You've hit the nail on the head with this reply Jeremy. From an outsider looking in, the systems used to run the USA are quite terrifying from a global perspective. For us here in Australia, the specific examples America provides are so often used as 'what not to do', or 'this is what will happen if we travel down this path'. Sadly, as allies of your country we do also ride on your coat tails and assist the 'world's superpower' to defend... what exactly I'm not sure (one of my University lecturers articulates it as defending the world's opium industry) we lost 5 more Australian soldiers this week in Afganistan. The result of such extremist thinking is some of the things you describe in your post, where humanity is left out of the equation altogether. It's heartbreaking. We of course have our own problems here yet our system seems so much more fair (some say lenient) in terms of sentencing and common sense, I believe our social structure is much more affective and I'm glad it is that way. I for one will do all I can to ensure we don't go the way of the USA.

I really enjoy reading your blogs.

SAH Posted 11 years, 8 months ago. ✓ Mailed 11 years, 8 months ago   Favorite
I'd like to kindly and respectfully say that response made no sense to me. If EVER (hopefully not) you become the victim (by self or relation) you will know that people who commit murder have and visit their crime on the families of those these people need special attention? I'd like to see more resources used for the FAMILIES of murdered persons. That would be justice in my world. Instead of caring what an inmate pays for the "corrupt" canteen goodies - how about we rally around the father/motherless children who were robbed by a murderer? The aged, heart broken elderly parents. The children, brother, sisters, neices, nephews, friends, co-workers who were ALL affected by the INSANE act of a predator who decides to do God's job and end a life?

Nicki Posted 11 years, 8 months ago. ✓ Mailed 11 years, 8 months ago   Favorite
I'm not sure which response you were referring to here SAH but there is no suggestion of murder in this blog post, nor is that the crime Jeremy appears to be serving time for, however, I would like to respond if Jeremy doesn’t mind us ‘chatting’ on his blog responses.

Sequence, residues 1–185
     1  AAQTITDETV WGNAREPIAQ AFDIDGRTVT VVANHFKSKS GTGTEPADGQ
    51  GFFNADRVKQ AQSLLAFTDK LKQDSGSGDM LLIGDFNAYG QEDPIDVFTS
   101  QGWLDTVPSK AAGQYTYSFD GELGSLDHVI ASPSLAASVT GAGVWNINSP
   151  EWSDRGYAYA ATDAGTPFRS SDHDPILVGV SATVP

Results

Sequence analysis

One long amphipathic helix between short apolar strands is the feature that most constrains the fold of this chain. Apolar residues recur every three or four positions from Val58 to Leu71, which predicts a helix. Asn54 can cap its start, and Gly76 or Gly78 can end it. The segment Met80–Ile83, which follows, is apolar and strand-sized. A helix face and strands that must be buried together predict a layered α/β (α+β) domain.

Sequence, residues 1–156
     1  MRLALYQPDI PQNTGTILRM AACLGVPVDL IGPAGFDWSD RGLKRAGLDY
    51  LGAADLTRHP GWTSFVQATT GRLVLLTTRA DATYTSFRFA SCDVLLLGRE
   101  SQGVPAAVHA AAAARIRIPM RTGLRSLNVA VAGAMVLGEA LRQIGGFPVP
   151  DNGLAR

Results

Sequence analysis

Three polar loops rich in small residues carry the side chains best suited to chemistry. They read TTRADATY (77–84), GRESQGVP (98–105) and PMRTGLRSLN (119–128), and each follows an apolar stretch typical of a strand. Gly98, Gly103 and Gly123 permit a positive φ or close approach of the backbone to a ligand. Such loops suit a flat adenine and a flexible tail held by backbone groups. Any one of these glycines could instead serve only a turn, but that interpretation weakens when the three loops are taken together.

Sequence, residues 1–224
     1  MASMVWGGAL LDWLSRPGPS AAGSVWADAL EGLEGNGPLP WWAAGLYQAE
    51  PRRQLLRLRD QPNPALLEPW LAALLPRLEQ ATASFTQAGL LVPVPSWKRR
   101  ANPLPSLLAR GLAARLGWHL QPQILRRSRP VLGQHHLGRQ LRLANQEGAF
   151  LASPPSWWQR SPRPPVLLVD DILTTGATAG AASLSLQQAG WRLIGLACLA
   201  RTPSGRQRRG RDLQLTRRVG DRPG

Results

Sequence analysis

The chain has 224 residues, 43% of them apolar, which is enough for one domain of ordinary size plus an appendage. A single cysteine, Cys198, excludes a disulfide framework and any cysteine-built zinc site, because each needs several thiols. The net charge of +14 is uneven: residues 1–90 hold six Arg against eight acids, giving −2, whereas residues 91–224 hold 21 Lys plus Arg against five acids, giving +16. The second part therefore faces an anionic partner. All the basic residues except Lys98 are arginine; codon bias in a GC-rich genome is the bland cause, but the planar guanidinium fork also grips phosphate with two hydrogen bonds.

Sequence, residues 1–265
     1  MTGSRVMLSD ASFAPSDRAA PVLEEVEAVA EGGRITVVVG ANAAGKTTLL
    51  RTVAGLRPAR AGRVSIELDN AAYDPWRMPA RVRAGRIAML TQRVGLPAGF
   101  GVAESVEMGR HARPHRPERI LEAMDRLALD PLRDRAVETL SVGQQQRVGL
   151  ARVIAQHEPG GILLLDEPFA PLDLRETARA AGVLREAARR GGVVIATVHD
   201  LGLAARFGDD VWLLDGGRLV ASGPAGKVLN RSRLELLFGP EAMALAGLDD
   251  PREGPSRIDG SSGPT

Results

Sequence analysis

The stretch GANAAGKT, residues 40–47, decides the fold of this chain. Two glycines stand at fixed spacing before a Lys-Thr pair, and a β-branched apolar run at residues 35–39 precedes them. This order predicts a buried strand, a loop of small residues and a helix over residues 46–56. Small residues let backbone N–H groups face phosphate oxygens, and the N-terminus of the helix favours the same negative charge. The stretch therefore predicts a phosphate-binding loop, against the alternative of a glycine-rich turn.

Regardless of the crime, the sensible approach, and the one receiving the least attention in the ‘problem’ of crime, seems to me to be prevention. Or if you prefer, a bottom up rather than the top down approach that is currently used. I’ve taken the time to get to know a number of people who have committed the crime you refer to, within the last few years because I want to know ‘why’ and from there, think about what to do to prevent these crimes from happening where possible. There is often a common thread here. A blog written by Harlan Richards on this site (entitled ‘Life After Murder) articulates this quite well, where he states “those in prison for murder are for the most part normal people who went wrong at some point and ended up in a tragic situation”.

I would rather see the majority of resources re-directed away from imprisoning offenders, and into strengthening communities, families, and our relationships with one another, specifically single parent families. Strengthening & building resources from the ground level whilst offering genuine treatment amongst victims and offenders together; and genuine rehabilitation programs at the other end. It makes sense to me that treating the problem rather than simply locking people away would affect a positive outcome; certainly more positive than the current system. The social security system in the USA is appalling in comparison to here in Australia and as a result of that (I believe) we have a more secure population and a much lower crime rate. We also have other contributing factors such as strict gun laws & a much less competitive society where mateship & supporting one another is a part of who we are. There is no one solution to crime anywhere, but isn’t looking at prevention rather than a cure a good place to start building.